San Diego Endeavor Bank, which received the go-ahead from the Federal Deposit Insurance Corp. to start raising initial capital, plans to close its financing period in mid-December.
The bank, which has said it may open as soon as by year’s end, is in the midst of a critical period as it works to turn promises from supporters into checks it can take to the bank.
The FDIC approved the bank’s organization Oct. 20, with that approval premised on a number of requirements, including that Endeavor’s organizers raise a minimum of $25 million with which to launch the bank.
Its opening would be the first new bank debut in San Diego in nearly a decade. The most recent to open was Vibra Bank, a small bank in Chula Vista, in 2008; it was later acquired by Pacific Commerce Bank of Los Angeles in a stock and cash deal valued at $16 million.
Shortly after the news of the FDIC’s conditional approval for Endeavor was announced, bank President Steven Sefton, formerly of Regents Bank, said Endeavor had already received commitments totaling more than half of its $25 million goal.
“We’re hot and heavy raising capital and having more meetings than we can fit in our calendars and more inquiries we’re responding to than any group of people can manage,” Sefton said. “It’s a complete effort of management team, the board and our advisory board reaching out to our centers of influence and raising awareness, which turns into raising capital.”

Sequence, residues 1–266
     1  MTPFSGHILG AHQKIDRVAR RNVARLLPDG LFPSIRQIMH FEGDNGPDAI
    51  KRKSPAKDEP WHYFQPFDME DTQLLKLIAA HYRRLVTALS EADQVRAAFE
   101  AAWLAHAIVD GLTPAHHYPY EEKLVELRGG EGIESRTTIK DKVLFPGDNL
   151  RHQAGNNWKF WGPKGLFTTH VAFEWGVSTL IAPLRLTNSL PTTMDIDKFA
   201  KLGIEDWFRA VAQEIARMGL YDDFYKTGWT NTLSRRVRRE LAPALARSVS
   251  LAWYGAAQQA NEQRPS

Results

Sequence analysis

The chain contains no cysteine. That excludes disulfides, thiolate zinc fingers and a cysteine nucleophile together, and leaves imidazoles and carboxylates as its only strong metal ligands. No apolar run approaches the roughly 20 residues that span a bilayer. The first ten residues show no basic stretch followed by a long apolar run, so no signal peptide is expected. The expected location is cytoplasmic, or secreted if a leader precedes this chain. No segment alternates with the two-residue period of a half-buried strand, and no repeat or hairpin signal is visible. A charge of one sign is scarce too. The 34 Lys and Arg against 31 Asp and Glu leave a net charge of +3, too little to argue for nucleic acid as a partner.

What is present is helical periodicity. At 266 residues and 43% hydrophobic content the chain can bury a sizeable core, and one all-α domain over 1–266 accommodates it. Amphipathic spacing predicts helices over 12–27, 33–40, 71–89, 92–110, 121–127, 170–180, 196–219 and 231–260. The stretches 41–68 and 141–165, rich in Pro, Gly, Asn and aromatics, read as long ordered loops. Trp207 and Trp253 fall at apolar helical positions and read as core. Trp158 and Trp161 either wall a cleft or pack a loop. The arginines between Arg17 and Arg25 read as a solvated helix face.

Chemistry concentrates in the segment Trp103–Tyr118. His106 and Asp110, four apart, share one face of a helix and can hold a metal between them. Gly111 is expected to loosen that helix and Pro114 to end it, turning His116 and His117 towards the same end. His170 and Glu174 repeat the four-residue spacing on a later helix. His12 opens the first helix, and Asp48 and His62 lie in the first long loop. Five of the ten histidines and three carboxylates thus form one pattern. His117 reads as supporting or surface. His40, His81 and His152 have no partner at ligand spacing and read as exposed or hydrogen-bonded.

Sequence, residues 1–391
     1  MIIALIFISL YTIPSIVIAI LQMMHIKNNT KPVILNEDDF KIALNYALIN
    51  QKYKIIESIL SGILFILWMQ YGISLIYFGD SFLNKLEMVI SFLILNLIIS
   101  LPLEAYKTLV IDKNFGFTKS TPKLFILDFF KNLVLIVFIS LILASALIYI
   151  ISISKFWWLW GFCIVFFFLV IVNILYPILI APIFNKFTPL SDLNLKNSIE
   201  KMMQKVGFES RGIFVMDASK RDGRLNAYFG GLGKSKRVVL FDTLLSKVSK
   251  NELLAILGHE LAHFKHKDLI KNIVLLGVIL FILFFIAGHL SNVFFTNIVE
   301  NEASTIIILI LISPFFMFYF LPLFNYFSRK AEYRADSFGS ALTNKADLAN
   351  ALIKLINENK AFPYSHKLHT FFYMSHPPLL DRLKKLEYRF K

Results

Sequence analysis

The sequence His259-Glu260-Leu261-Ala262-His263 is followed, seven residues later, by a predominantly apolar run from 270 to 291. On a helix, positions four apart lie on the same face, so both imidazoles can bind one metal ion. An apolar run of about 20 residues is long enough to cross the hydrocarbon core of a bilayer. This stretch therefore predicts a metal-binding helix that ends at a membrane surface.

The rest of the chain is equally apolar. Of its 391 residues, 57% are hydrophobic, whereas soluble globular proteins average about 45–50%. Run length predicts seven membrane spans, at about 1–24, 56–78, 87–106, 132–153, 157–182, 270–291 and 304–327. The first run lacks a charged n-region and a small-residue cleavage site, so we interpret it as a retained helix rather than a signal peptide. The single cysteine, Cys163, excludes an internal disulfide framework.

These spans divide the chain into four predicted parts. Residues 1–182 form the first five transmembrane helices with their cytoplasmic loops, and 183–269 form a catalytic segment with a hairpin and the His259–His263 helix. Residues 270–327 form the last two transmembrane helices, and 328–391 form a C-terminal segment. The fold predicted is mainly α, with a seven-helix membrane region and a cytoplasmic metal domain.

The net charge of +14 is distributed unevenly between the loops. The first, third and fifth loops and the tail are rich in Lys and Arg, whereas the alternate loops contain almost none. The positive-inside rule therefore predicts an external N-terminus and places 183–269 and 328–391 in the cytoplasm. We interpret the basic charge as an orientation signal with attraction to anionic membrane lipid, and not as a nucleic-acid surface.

The federal agency, in its approval, said the bank may raise up to $27.5 million, plus an additional 10 percent for oversubscriptions.
Endeavor plans to hold a number of events this month to address prospective investors in the public company.
Its supporters include board chairman Matt Rattner, co-founder and president of Karl Strauss Brewing Co.; Gina Champion-Cain, a restaurateur and commercial real estate developer; Julie P. Dubick, formerly chief of staff to then-San Diego Mayor Jerry Sanders and a partner with H.G. Consulting Group; and philanthropist Joyce Glazer.
CEO Dan Yates, a founder of Regents and most recently CEO of Neighborhood National Bank, said in late November the bank’s executive team was optimistic about how its effort to raise the necessary funds was proceeding.
Beyond those who had backed the bank’s organization prior to regulatory approval, word of mouth has also begun playing a role in the ranks of investors: Yates said he recently began receiving phone calls from people he had never spoken to who had heard the bank was raising money from others they know who have gotten involved.